Why Could Be Higher: Showed glimpses of stardom
Why Could Be Lower: Still unproven
NHL Projection: Second line center

12. (6) Petr Kanko, RW
3rd Round, #66 overall, 2002

Petr Kanko never really got going during the 2004-05 season. With so much offensive talent on the Manchester roster, Kanko was left to grind out opportunities on the third line. While this role is much more suitable to the type of role Kanko will play in the NHL, the opportunity to put the puck in the back of the net did not come very often for him. He remained his usual fiery self and often mixed things up with the opposition. But the offense did not come around for him. While the work stoppage will move some of the offensive talent up to the NHL club, the recent signings of Tambellini and Tukonen might keep Kanko on the third line once again. However, perhaps the quicker Kanko adapts to his role on the third line, the quicker he’ll find himself in an NHL rink.

Why Could Be Higher: 2005 was only a minor setback
Why Could Be Lower: Limited as a role player
NHL Projection: Gritty third line forward

13. (15) Paul Baier, D
3rd Round, #95 overall, 2004

Brown University received a solid freshman season from Paul Baier. Inserted on the third defensive pairing, he learned the college game with few mistakes. Ten points in 32 games is a bonus for Baier as playing time and production are often a rarity for 18-year-old freshman in college hockey. Graduations will move Baier up to the second defensive pairing where he will also see extensive time on the power play and the penalty kill. Baier might be compared to fellow Kings prospect Richard Petiot, but is not quite as physical. With the Kings top three defensive prospects all in the AHL or NHL, Baier leads a group of second tier prospects that will fill the Manchester roster in two or three years when the likes of Grebeshkov and Petiot eventually move on to the NHL.

Why Could Be Higher: Tons of skills and still young
Why Could Be Lower: Lacking experience
NHL Projection: Third-fifth defenseman

14. (10) Greg Hogeboom, RW
5th Round, #152 overall, 2002

Greg Hogeboom was limited to only 14 games during the 2004-05 season. This loss of nearly an entire year is crucial and the leading cause of Hogeboom’s drop in this ranking. Hogeboom was already going to need a full year or two in Manchester before he was ready to see the NHL. With the loss of an entire season, this pushes Hogeboom back in the depth charts and likely still years away from being a viable option for the Los Angeles Kings. However, it only takes one healthy season to forget lost opportunities. The 2005-06 season is one that fans of Greg Hogeboom should watch closely as it will foretell his future position within the organization — a good season will re-establish himself while a poor one may bury him behind new talent.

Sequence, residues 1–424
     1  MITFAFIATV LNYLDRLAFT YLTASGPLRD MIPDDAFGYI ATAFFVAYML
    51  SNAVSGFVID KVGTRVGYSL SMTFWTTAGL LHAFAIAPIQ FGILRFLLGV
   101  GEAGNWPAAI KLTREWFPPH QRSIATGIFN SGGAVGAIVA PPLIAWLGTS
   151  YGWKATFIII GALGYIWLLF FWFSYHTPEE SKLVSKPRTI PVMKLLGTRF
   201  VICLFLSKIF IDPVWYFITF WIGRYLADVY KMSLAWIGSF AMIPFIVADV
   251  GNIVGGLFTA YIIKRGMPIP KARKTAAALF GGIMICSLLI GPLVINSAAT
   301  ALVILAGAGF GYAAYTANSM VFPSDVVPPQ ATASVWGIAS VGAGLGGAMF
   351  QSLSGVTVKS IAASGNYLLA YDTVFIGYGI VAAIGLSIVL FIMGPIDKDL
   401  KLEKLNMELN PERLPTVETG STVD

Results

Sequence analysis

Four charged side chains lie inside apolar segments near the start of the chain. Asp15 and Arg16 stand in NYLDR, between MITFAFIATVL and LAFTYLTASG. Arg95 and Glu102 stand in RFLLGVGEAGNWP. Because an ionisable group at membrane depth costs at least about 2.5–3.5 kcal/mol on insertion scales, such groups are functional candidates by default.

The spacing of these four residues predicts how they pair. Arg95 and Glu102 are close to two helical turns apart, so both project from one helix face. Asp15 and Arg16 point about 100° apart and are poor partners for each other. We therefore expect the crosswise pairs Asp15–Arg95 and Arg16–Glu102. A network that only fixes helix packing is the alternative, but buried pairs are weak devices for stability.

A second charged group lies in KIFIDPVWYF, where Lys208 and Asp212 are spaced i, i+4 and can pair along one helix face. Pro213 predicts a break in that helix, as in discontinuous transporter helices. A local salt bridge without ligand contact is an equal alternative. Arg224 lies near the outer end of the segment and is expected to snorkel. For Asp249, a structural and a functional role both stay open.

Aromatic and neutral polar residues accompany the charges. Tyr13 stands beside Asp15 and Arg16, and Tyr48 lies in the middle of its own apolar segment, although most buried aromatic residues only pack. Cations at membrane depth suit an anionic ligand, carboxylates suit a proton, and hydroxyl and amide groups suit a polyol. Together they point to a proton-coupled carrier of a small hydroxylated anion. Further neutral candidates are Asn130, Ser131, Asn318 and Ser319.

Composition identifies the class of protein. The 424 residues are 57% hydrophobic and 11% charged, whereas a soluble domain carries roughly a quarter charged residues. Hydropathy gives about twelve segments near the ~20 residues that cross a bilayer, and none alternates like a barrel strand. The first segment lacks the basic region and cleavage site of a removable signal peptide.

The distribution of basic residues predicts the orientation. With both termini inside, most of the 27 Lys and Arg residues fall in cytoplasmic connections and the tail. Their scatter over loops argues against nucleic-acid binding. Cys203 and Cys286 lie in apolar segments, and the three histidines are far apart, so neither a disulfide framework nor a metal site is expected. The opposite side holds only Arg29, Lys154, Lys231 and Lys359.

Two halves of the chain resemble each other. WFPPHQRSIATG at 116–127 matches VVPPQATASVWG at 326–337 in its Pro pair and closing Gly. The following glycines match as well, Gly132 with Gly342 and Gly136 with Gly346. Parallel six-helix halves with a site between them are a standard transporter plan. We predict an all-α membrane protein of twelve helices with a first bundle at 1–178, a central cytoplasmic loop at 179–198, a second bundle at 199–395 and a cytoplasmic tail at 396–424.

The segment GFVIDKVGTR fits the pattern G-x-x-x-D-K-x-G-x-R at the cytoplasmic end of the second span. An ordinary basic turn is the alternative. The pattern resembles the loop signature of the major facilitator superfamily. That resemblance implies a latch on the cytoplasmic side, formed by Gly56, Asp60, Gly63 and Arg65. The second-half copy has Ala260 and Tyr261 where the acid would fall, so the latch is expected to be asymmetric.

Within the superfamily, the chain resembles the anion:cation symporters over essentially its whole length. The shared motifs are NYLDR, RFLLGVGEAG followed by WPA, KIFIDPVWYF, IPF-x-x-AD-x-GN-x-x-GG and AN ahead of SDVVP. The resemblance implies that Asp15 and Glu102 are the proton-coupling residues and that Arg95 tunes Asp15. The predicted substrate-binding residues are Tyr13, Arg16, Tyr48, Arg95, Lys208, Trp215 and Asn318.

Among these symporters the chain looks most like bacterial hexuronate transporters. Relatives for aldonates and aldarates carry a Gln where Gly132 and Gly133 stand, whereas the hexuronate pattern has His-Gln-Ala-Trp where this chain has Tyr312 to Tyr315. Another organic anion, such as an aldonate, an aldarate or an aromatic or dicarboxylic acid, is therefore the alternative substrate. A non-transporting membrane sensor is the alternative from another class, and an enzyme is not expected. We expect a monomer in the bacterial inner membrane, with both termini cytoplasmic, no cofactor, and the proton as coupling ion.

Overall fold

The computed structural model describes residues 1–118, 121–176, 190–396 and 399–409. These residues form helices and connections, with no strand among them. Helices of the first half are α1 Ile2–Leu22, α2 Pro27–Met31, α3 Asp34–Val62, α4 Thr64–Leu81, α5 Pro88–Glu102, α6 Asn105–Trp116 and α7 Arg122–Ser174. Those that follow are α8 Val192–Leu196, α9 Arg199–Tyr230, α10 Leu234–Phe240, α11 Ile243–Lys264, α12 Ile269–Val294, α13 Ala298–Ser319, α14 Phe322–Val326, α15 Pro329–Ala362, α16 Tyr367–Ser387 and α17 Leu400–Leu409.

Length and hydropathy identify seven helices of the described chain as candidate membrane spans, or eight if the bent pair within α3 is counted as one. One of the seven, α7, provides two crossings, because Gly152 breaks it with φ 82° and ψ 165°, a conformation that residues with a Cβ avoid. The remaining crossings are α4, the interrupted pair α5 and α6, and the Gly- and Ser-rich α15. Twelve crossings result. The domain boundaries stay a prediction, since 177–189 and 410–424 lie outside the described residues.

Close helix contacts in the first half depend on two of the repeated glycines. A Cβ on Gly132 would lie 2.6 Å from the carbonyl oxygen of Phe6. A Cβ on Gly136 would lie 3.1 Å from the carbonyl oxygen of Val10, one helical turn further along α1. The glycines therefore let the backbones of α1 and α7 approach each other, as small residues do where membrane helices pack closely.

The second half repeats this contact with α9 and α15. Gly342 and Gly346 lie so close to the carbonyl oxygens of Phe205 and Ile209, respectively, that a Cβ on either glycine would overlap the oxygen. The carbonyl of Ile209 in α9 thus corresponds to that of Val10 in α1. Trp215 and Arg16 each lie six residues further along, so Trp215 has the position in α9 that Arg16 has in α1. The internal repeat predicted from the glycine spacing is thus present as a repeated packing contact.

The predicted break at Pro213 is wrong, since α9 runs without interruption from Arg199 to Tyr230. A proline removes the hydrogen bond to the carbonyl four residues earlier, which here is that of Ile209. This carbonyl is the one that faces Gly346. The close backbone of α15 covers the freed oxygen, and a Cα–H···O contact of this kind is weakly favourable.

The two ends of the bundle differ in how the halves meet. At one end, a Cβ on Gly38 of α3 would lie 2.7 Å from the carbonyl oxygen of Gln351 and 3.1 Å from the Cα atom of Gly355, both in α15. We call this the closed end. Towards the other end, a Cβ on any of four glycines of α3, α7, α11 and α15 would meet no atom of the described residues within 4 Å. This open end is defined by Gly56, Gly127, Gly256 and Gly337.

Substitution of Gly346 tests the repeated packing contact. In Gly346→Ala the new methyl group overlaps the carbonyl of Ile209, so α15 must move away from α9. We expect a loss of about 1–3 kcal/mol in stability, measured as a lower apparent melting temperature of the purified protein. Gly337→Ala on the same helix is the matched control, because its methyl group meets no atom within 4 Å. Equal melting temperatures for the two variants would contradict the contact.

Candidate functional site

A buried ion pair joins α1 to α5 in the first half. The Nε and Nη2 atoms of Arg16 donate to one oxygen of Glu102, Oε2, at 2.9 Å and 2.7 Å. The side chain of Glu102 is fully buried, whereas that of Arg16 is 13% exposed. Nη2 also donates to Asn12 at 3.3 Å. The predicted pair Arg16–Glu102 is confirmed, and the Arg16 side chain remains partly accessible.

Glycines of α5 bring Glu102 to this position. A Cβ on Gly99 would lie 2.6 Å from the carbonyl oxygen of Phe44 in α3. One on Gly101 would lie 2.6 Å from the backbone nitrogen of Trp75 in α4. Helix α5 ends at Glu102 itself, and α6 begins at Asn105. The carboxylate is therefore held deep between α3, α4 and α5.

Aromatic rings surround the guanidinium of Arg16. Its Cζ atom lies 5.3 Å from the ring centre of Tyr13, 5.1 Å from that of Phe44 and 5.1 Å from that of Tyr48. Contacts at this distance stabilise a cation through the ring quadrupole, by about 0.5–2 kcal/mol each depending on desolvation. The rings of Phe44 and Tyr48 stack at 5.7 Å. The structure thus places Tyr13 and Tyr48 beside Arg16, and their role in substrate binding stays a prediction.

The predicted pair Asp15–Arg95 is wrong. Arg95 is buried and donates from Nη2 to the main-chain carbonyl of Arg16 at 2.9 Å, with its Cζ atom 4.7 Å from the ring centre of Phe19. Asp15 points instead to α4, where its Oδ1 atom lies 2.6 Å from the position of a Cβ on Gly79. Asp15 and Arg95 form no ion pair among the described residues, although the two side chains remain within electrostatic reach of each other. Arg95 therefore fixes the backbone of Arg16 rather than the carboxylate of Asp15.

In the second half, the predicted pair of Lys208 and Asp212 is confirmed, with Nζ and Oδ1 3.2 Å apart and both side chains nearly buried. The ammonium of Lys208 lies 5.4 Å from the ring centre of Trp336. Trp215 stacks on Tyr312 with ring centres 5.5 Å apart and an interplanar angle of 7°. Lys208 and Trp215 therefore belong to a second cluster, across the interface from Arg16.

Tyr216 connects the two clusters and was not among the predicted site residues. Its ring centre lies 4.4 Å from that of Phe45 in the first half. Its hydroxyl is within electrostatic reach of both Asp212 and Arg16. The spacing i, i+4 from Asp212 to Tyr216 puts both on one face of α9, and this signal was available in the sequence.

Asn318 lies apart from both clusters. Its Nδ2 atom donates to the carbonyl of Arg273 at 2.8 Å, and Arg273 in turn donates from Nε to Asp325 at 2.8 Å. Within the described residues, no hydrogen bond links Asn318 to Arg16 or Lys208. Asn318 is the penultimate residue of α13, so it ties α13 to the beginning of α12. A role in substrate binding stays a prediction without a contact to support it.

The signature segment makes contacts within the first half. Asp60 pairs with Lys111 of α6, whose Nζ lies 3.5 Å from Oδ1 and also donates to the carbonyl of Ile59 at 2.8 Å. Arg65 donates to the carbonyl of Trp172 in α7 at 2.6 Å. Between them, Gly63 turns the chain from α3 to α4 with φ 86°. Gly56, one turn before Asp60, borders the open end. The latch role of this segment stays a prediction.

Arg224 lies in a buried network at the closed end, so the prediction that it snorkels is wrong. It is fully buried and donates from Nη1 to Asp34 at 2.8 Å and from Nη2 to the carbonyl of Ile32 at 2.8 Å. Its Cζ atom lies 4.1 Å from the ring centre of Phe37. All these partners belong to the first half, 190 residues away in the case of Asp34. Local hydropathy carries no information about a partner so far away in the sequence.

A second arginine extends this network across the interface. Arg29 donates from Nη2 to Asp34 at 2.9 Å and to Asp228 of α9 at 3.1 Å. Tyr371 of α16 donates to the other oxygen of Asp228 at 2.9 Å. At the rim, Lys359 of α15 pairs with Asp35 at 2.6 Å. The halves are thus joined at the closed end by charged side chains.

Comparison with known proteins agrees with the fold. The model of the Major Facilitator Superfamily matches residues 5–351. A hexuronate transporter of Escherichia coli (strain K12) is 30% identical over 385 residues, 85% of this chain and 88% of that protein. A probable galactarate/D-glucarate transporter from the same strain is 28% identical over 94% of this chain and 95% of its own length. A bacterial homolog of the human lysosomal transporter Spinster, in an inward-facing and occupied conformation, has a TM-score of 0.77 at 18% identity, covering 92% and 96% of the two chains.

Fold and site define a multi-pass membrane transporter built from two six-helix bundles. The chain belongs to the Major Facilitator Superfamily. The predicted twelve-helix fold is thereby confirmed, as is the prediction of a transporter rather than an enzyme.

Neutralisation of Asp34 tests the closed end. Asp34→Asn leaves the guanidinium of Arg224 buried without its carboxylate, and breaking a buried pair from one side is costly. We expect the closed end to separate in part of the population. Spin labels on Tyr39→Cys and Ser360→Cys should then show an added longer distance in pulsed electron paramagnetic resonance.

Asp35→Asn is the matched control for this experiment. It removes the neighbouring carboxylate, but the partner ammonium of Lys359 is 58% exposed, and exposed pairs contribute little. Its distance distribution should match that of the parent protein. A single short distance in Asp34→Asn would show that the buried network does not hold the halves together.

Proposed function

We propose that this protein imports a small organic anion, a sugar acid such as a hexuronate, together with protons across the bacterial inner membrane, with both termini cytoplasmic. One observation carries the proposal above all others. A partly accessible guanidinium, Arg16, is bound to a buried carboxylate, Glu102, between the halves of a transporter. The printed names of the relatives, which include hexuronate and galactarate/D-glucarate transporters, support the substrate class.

Why Could Be Higher: Well rounder forward
Why Could Be Lower: Lost a year of development
NHL Projection: Third line forward

15. (NR) Dany Roussin, LW
2nd Round, #50 overall, 2005

Taken in the second round of the 2005 entry draft, Dany Roussin was a re-entry when he failed to sign on time with Florida before the deadline. Roussin progressed rapidly after originally being drafted in 2003. He scored 59 and 54 goals in back-to-back seasons while playing alongside Sidney Crosby in Rimouski of the QMJHL. Known as one of the best finishers in the Q, Roussin was signed by the Kings shortly after the entry draft and will be assigned to Manchester.

Roussin is a bit of a wild card out of the second round for the Kings. There is little doubt that he can finish at the major junior level. But he did not begin to show this ability to score until being slotted on a line with Crosby. Roussin will need to prove that he can score with other linemates. Playing on a line with Tukonen in Manchester might prove extremely beneficial as Tukonen’s large body can clear space for the quick Roussin to find the back of the net.

Why Could Be Higher: Top scorer
Why Could Be Lower: Unproven without Sidney Crosby
NHL Projection: Second line forward

16. (14) Noah Clarke, LW
9th Round, #250 overall, 1999

Steady Noah Clarke had another quality season in Manchester last year. The influx of top talent into the AHL due to the work stoppage would push Clarke onto the third line. But he would still manage 45 points in an injury-shortened 61 games. It is believed that the new NHL rules will emphasize faster and more skilled players. If this holds true, Clarke may be just what the Kings are looking for as he is recognized as one of the best skaters in the AHL. For the time being, Clarke will need to start another season in Manchester waiting for his time to impress the Kings coaches enough to earn a long look in the NHL.